US And Poland Sign Agreement To Cooperate On 5G Technology

U.S. Vice President Mike Pence and Polish Prime Minister Mateusz Morawiecki display an agreement they signed in Warsaw, Poland, Monday, Sept. 2, 2019. The U.S. and Poland signed an agreement on Monday to cooperate on new 5G technology amid growing concerns about Chinese telecommunications giant Huawei. (AP Photo/Petr David Josek)

Warsaw – The U.S. and Poland signed an agreement Monday to cooperate on new 5G technology as concerns grow about Chinese telecommunications giant Huawei.

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Vice President Mike Pence and Polish Prime Minister Mateusz Morawiecki signed the deal in Warsaw, where Pence is filling in for President Donald Trump, who scrapped his trip at the last minute because of Hurricane Dorian.

The signing comes during a global battle between the U.S. and Huawei, the world’s biggest maker of network infrastructure equipment, over network security and fears of Chinese access.

The U.S.-Poland agreement states: “Protecting these next generation communications networks from disruption or manipulation and ensuring the privacy and individual liberties of the citizens of the United States, Poland, and other countries is of vital importance.” Both countries pledged to endorse the principles developed by cybersecurity officials from dozens of countries at a summit in Prague this year to counter threats and ensure the safety of the next generation of mobile networks.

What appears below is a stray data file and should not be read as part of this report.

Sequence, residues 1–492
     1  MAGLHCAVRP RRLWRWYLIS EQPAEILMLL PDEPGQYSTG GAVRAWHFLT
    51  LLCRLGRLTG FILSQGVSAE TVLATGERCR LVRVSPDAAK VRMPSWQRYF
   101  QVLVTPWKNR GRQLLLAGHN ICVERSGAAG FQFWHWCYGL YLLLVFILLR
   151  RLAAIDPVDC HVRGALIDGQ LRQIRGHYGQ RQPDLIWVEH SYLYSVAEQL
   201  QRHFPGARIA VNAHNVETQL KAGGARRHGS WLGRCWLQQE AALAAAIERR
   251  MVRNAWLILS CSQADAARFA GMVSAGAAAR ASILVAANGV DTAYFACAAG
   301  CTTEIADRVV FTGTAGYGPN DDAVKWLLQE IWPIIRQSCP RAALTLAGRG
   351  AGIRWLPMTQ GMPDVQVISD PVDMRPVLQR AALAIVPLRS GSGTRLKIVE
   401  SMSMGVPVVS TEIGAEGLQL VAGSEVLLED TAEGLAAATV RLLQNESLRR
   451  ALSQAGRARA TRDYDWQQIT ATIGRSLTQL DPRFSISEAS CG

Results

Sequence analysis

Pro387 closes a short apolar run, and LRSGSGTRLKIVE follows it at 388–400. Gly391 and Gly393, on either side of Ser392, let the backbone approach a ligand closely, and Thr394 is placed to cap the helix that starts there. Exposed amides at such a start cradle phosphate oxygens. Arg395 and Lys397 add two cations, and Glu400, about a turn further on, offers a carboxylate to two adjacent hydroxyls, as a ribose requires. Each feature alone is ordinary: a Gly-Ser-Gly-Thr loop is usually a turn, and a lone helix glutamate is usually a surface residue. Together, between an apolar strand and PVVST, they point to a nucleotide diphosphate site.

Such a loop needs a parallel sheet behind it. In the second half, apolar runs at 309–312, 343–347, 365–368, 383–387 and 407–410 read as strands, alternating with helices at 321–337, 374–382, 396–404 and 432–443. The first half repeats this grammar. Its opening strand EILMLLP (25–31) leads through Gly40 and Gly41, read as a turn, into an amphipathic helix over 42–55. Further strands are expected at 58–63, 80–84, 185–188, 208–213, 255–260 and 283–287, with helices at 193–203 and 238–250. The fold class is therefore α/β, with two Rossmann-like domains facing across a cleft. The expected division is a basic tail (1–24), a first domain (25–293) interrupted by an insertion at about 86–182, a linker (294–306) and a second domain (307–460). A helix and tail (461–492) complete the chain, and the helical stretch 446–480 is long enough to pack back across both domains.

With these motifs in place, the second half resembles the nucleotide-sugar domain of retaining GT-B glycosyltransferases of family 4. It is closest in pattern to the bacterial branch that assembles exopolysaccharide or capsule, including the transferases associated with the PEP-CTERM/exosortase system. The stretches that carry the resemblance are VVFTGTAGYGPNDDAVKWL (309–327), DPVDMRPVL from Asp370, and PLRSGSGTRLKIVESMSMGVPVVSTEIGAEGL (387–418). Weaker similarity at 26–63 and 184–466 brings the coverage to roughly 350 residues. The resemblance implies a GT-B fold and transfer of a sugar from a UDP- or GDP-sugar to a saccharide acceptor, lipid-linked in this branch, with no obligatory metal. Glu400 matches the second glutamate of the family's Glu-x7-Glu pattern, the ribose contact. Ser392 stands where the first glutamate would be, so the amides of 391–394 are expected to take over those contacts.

Pence, speaking at a news conference with Polish President Andrzej Duda, said he hoped the declaration would set a “vital example for the rest of Europe on the broader question of 5G.”

The U.S. has been lobbying allies to ban Huawei from 5G networks over concerns the Chinese government could force the company to give it access to data for cyberespionage. Huawei has denied the allegation and states in Europe — where countries are gearing up to deploy the new networks, starting with the auction of radio frequencies this year — have balked at U.S. calls for an outright ban.

Pence’s chief staff, Marc Short, cited Huawei by name in a statement later Monday that called on other nations to “ensure that only trusted providers have access to their developing networks.”

“We recognize 5G networks will only be as strong as their weakest link,” he said, adding, “We must stand together to prevent the Chinese Communist Party from using subsidiaries like Huawei to gather intelligence while supporting China’s military and state security services – with our technology.”

At the news conference, Duda was asked whether the U.S. had ever provided Poland with evidence of Chinese spying using Huawei technology.

He didn’t mention the U.S. in his answer, but said, “Indeed, Poland’s counterintelligence has detected activity that could be of espionage nature” and that prosecutors are investigating.

A Chinese businessman who served as Huawei’s sales director in Poland and a Pole who cooperated with the government on security measures were arrested in Poland in January on suspicion of espionage.

During a visit to Sweden last week, Morawiecki said work was being done to have Swedish networking and telecommunications company Ericsson invest in 5G development in Poland.


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